d. the country allows free trade 10. Employing a lawyer to draft and enforce a private contract between parties wishing to solve an
externality problem is an example of a(n)
cost
a. opportunity
b. implicit
C.
sunk
d. transaction
11. The government provides public goods because
a. private markets are incapable of producing these types of goods
b. free-riders make it difficult for private markets to supply the socially optimal quantity
C.
markets are always better off with some government oversight
d. external benefits will accrue to private producers
12. To gauge the sacrifice made by a taxpayer, we should use the _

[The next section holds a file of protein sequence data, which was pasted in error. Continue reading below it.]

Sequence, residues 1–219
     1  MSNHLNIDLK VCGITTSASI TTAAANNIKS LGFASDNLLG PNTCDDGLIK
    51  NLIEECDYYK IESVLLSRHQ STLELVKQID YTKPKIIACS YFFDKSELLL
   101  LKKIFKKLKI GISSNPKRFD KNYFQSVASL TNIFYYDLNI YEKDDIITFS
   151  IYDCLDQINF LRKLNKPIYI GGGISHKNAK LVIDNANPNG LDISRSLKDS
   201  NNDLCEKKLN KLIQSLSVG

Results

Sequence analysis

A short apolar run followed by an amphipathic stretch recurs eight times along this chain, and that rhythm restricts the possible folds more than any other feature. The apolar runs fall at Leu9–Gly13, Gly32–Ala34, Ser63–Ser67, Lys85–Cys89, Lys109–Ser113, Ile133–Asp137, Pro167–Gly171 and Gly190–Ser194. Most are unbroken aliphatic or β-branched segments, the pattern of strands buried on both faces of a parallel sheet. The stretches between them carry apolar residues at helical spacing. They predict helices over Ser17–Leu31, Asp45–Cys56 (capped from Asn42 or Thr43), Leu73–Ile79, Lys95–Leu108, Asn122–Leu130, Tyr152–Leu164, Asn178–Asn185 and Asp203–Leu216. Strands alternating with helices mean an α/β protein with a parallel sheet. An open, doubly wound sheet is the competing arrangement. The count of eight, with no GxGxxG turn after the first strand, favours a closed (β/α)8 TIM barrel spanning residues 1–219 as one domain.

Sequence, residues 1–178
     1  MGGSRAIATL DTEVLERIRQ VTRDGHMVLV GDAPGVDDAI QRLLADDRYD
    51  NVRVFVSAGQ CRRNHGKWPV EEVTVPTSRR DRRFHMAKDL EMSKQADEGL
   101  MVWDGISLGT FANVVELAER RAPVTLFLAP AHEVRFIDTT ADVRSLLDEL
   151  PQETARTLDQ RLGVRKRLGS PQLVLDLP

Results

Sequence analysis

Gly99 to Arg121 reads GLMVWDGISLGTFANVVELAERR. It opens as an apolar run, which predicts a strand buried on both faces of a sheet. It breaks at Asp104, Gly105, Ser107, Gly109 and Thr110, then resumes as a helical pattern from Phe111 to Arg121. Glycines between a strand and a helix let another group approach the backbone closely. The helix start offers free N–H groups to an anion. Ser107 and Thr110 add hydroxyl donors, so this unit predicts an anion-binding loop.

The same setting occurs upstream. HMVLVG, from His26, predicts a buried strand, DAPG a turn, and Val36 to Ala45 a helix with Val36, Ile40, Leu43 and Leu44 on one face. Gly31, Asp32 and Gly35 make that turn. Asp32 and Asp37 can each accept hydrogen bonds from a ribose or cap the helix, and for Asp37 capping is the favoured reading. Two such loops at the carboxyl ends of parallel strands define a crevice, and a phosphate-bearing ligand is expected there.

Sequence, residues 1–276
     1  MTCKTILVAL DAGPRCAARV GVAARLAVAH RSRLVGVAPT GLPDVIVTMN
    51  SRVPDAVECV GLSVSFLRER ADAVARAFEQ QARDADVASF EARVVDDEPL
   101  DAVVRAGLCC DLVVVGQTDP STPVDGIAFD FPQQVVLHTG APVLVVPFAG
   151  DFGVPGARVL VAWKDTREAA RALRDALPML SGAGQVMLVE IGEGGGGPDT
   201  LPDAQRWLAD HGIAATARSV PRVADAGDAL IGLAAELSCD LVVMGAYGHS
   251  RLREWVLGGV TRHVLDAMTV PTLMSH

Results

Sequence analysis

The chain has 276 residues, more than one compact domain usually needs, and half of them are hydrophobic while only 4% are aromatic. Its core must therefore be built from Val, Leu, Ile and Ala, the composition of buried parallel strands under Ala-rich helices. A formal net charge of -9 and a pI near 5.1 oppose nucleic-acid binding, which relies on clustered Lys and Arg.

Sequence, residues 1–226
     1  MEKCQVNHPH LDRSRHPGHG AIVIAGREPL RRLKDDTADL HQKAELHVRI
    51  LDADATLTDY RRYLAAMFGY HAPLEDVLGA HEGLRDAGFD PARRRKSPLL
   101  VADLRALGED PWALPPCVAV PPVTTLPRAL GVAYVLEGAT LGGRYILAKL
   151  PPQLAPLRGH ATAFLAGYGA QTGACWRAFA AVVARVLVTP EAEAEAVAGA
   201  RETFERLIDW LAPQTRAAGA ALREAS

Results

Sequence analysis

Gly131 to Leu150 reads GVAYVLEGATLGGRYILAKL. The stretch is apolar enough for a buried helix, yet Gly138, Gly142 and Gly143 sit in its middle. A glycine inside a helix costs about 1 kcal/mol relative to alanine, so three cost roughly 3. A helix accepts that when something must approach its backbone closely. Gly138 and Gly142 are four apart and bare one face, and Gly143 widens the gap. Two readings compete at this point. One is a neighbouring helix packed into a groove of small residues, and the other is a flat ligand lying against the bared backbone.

tax rate.
a.
marginal
b. average
C.
sales
d. lump-sum
13. Since the 1980s, Wal-Mart stores have appeared in almost every community in America.
Wal-Mart buys its goods in large quantities and, therefore, at cheaper prices. Wal-Mart also
locates its stores where land prices are low, usually outside of the community business district.
Many customers shop at Wal-Mart because of low prices. Local retailers, like the neighborhood
drug store, often go out of business because they lose customers. This story demonstrates that
a. consumers do not react to changing prices
b. there are diseconomies of scale in retail sales
there are economies of scale in retail sales
d. there are diminishing returns to producing and selling retail goods
14. For any given price, a firm in a competitive market will maximize profit by selecting the level of
output at which price intersects the
a. average total cost curve
b. average variable cost curve
buyers marginal cost curve